**This will be my attempt at one of those writings where I just sit down and write. Start to finish, no breaks, minimal proof reading. I’ve seen it done before and I hope that it won’t ramble or repeat myself too much.**
Our school didn’t do so well on the latest round of state testing. Specifically, we struggled on the poverty subgroup. I guess we don’t get poor kids. So this summer we were given a book to read, A Framework for Understanding Poverty by Ruby K. Payne. There is a ton of criticism of this book, much of it deserved. I personally found it to be rather simplistic. The graphics are basic and not really enlightening, but maybe I was suspecting too much. The author has a Ph.D and the book claims to be research based. However, it relies heavily on patterns that teachers might notice about their students from different classes.
Did I say patterns? I really meant stereotypes.
The premise of the book rests on the idea that there is a shared culture among classes that supersedes ethnicity, gender, or nationality. For example, the book wants us to believe that the poor are loud, that the poor lack long-term planning, and lack proper social cues. It is even complete with a made up case studies of what might happen. Oh, and for an author that has a Ph.D, the notes are trash. The notes are’t so much citations of sources as they are a list of stuff she read. Kind of like the links in a blog post.
And there was another, more personal reason that I didn’t like the book. There is a connection between behavior and culture. When Ruby Payne connects poverty to culture, she is in essence saying that the behavior of people leads to poverty. If you come from a loud family that has a big screen TV you must be poor. If you value a relationship more than achievement, you must be poor. If you lack social tact, you must be poor. But I grew up in poverty, and I couldn’t relate to what she was writing. Don’t get me wrong, there were struggles. I have been employed since the 5th grade (paper routes, Burger King, YMCA, Burger King again, hotel house keeping, Target, teaching). I remember the subtle pressures and jealousy felt as my peers would take vacations, shopping trips, or attend camps I couldn’t. I remember what it would be like to not have a parent home at night because they were at work, and I’m not talking about an on-call doctor. I remember being worried about if we were going to lose our house. When my behavioral experience doesn’t match Ruby Payne’s description it’s like my experience in poverty has been disingenuous. If Ruby Payne had me as a child in class she might acknowledge that my family was poor, but I wasn’t in poverty.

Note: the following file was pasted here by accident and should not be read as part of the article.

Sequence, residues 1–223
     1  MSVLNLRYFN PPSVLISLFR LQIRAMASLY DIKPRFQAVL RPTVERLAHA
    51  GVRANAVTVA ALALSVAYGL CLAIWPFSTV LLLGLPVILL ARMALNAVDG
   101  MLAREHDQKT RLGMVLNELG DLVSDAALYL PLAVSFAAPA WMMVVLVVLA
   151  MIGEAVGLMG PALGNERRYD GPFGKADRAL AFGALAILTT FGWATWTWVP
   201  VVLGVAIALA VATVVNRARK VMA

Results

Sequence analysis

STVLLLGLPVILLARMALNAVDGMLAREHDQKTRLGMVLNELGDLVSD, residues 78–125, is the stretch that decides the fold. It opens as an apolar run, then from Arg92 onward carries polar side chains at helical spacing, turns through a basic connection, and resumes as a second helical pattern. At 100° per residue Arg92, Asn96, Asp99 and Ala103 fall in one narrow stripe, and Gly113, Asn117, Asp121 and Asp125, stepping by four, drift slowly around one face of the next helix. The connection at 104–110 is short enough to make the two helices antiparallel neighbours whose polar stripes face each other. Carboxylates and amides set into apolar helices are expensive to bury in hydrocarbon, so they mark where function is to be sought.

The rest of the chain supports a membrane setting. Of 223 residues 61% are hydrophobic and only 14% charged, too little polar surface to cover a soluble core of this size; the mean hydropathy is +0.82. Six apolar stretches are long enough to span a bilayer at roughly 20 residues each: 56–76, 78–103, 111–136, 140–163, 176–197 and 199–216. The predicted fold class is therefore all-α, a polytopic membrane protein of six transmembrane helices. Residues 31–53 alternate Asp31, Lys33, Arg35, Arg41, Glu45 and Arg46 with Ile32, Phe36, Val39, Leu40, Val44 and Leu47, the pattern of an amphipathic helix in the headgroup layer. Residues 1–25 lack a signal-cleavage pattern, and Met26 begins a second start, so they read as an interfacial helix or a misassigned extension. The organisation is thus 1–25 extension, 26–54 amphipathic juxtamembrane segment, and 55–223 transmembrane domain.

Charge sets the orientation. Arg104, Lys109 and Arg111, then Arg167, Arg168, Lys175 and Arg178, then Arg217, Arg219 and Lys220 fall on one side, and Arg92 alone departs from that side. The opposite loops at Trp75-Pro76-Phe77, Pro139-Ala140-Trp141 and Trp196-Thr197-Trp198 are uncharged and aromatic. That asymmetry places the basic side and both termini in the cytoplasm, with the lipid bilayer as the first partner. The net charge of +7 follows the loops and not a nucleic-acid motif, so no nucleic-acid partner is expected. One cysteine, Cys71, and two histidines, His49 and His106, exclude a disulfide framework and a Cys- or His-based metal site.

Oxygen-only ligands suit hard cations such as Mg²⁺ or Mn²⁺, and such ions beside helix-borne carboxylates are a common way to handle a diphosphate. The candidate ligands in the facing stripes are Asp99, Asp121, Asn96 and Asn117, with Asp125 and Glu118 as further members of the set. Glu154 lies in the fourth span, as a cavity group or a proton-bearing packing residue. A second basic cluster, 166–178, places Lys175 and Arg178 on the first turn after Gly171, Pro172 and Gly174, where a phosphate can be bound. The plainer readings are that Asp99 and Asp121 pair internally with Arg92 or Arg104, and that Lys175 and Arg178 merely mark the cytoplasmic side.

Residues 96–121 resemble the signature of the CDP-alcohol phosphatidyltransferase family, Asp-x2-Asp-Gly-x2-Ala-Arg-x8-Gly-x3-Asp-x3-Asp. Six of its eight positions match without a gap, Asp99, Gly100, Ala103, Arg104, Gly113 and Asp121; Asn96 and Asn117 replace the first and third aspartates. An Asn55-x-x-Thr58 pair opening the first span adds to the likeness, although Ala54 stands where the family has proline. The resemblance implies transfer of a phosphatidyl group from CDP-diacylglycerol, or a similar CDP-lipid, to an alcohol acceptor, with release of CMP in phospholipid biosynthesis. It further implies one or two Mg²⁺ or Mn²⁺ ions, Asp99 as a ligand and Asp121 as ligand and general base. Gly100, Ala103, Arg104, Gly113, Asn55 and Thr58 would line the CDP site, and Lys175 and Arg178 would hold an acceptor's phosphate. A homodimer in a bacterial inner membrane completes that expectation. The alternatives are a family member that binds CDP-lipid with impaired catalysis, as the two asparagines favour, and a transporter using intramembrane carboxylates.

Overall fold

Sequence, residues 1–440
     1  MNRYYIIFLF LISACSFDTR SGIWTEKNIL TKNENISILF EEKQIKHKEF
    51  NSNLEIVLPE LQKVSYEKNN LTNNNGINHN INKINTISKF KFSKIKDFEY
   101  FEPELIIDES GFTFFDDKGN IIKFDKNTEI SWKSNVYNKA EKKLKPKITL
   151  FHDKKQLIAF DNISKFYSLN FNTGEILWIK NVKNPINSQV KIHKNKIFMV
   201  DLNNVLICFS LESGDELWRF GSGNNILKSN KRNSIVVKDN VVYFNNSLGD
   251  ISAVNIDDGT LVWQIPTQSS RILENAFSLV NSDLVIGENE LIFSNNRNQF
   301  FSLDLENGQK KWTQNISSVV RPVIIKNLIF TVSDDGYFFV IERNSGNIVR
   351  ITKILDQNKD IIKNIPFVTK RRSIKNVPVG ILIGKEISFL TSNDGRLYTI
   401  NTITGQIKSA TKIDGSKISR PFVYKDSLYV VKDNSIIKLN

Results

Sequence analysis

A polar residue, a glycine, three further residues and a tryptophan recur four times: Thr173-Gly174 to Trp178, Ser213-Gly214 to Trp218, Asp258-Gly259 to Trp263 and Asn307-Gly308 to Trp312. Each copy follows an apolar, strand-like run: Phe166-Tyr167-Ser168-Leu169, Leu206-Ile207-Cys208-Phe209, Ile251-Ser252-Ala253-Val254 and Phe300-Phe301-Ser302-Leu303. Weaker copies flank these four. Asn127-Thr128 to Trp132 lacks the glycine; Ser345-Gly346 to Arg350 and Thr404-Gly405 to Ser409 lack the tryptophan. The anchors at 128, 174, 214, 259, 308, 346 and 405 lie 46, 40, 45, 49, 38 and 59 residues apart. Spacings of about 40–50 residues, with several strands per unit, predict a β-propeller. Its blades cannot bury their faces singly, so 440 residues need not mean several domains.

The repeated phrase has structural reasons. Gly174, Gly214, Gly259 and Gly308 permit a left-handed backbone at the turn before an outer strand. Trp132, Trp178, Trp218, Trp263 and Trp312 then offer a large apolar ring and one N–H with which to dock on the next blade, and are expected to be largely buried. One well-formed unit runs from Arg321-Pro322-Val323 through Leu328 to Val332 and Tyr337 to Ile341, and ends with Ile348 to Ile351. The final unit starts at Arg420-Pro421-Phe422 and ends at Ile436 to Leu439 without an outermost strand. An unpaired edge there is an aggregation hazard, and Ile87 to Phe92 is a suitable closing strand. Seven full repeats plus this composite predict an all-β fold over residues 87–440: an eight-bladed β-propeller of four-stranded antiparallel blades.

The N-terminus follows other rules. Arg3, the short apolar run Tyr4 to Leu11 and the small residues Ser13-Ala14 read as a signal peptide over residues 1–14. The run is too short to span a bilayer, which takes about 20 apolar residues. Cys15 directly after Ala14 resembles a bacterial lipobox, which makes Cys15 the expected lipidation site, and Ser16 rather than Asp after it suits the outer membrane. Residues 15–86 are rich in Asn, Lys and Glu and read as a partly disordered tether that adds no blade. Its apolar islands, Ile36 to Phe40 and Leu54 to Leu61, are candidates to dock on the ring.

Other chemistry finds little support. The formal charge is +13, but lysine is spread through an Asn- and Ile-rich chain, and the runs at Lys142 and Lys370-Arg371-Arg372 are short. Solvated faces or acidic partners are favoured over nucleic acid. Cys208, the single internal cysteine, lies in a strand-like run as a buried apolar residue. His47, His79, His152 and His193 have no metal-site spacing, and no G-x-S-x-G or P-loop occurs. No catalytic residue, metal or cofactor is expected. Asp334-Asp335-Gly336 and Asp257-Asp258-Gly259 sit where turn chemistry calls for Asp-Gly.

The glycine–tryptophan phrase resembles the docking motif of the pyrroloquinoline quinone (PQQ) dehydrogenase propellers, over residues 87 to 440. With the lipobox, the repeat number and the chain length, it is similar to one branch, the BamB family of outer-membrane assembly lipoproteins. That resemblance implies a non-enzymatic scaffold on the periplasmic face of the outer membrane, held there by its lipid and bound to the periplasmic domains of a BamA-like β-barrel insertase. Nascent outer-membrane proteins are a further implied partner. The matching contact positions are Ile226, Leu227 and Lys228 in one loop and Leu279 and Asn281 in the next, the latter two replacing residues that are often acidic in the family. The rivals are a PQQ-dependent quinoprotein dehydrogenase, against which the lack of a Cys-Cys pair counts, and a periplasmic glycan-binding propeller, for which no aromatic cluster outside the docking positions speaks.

That strikes at the biggest problem with Ruby Payne’s thinking. Being poor is just having a lack of money. That’s easy for society to fix. But the term poverty carries much more baggage (drugs, poor housing, low intelligence, etc.) than the term poverty. Being poor is a paper cut that requires a band-aid. Being in poverty is having a disease that must be eradicated. When Ruby Payne equates that loud, rambunctious student with poverty, we teachers look to cure the disease. That is dangerous. That is the type of thinking that will lead to racism, sexism, homophobia, xenophobia, and nearly every other kind of discrimination possible.
Okay, so I disliked the book, but I waited to write this post unit we had the in-person workshop with the presenter from Aha! Process. The presenter was much better than the book. By focusing on the lack of exposure people from poverty might have, he made poverty a experiential problem and not a behavioral problem. My growing up in poverty wasn’t based upon behavior, but was due to a lack of experience on the part of my parents. Even though I would say that I have moved from poverty to decidedly middle class, or lower middle class, there are still experiences that might have benefited me that I will never know about or have to learn myself.
While the presenter did fall into the trap of stereotyping occasionally, I felt that he did an exceptional job of maintaining the focus on experiences. What he was trying to get across was empathy. Our students come to us from many different backgrounds, and while some will have had the same experiences and then have similar mindsets and paradigms for interpreting the world, others might not. As teachers we need to make our expectations abundantly clear, especially for those little things we might take for granted. Most of our students aren’t trying to do wrong by us, and we need to not only understand that, but acknowledge that.
And if we can accept that as a maxim, those little things really aren’t differences after all.